What will also help the secondary is a consistent pass rush. The Packers added Nick Perry to bookend Clay Matthews. Michigan State’s Jerel Worthy should help with the interior push alongside B.J. Raji.
Green Bay’s defensive talent is much more in line with the team that was ranked second in the NFL in 2010 than the team that was the league’s worst a year ago. The Packers have addressed their needs and should again roll through the division, and the rest of the league, as they did a season ago.
The Minnesota Vikings are nowhere near the Packers in terms of talent and will finish at the bottom of the division. The Chicago Bears have upgraded on offense, but the unreliable Jay Cutler is still Chicago’s quarterback; Chicago’s offensive line is suspect and linebacker Brian Urlacher could be out for the year. Detroit is talented on both sides of the ball, but will be missing some key pieces because of suspensions. The Lions have always been a helter skelter team that trend will likely continue.
[one_half_last] By: Arif Hasan Bears
Besides the host of reasons we rarely find repeats in football, the Packers are not set to reprise their spectacular performance.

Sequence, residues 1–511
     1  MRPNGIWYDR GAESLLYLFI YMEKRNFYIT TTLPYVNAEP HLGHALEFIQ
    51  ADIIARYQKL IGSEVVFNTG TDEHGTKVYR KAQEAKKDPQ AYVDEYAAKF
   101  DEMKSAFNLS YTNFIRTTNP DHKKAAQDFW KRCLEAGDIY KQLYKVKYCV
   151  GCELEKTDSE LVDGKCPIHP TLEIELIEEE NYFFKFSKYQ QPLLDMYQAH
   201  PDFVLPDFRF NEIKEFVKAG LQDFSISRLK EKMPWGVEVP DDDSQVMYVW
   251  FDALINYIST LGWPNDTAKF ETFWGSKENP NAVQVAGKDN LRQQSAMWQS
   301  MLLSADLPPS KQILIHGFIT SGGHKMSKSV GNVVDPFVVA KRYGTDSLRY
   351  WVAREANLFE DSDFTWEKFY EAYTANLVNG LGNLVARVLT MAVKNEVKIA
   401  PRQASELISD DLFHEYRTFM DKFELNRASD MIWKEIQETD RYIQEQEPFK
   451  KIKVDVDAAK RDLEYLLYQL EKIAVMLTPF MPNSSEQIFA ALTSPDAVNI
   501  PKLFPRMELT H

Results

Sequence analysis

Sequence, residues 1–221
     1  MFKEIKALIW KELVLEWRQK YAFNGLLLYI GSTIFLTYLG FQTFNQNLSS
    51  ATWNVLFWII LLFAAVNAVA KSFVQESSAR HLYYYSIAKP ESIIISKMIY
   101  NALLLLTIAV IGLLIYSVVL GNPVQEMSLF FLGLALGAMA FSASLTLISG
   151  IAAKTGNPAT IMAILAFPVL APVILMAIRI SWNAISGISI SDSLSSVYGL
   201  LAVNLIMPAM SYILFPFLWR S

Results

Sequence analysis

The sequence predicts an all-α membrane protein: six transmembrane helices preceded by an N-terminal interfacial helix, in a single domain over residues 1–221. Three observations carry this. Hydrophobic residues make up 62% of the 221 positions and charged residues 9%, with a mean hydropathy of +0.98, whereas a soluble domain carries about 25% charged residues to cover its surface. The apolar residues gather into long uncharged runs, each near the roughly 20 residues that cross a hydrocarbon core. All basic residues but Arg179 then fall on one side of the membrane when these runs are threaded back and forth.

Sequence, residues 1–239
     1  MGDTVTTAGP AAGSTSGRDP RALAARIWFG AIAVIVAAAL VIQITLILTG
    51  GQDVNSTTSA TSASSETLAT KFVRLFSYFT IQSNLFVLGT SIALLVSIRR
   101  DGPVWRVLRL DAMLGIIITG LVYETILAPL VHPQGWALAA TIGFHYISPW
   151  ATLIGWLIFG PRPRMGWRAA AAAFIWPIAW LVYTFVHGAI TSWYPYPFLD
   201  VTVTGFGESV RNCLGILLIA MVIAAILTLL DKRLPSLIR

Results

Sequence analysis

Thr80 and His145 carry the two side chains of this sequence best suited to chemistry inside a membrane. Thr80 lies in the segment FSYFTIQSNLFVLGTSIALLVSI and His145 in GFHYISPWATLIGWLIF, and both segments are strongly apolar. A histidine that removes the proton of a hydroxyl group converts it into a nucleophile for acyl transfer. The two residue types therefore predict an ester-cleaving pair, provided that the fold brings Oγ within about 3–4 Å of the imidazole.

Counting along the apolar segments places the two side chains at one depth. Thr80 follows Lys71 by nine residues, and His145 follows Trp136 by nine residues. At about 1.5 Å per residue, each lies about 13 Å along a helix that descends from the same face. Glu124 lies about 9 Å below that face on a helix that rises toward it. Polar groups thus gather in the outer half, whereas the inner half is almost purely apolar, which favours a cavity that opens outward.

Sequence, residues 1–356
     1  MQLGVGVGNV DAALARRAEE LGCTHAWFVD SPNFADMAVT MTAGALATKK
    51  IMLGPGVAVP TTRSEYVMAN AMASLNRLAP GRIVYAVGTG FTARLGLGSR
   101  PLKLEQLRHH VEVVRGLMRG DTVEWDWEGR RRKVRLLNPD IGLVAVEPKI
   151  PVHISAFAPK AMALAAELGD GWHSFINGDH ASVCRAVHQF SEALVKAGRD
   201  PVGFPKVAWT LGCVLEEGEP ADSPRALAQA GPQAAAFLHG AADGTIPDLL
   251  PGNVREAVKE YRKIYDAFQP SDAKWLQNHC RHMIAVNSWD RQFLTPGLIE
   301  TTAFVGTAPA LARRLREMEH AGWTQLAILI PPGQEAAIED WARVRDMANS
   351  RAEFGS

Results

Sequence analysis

Despite having talent at the top end of their rosters, the Packers have one of the worst set of backups in the league.
On defense, their depth is laughable. Inconsistent rookie Casey Hayward is the backup to an injured Davon House, who will be playing in a brace that will prevent him from grabbing interceptions—a key part of their offense. With Woodson at safety, they don’t have options to help Tramon Williams at corner.
Rotating Woodson won’t help either, given that MD Jennings and Jerron McMillian cannot play safety at an NFL level.
At linebacker, Erik Walden serves as a terrible backup to raw Nick Perry, and the injury to Desmond Bishop makes them weaker up the middle than they were before, even with the rise of D.J. Smith.
They don’t have depth anywhere on the defense.
The Packers’ offensive line is shaky and losing Clifton hurt them. Injury worry Newhouse is one hit away from dooming the Packers.
Teams have proven that pressure is the formula to beat the Packers, and they only have two backup offensive linemen—and they may be the worst in the league.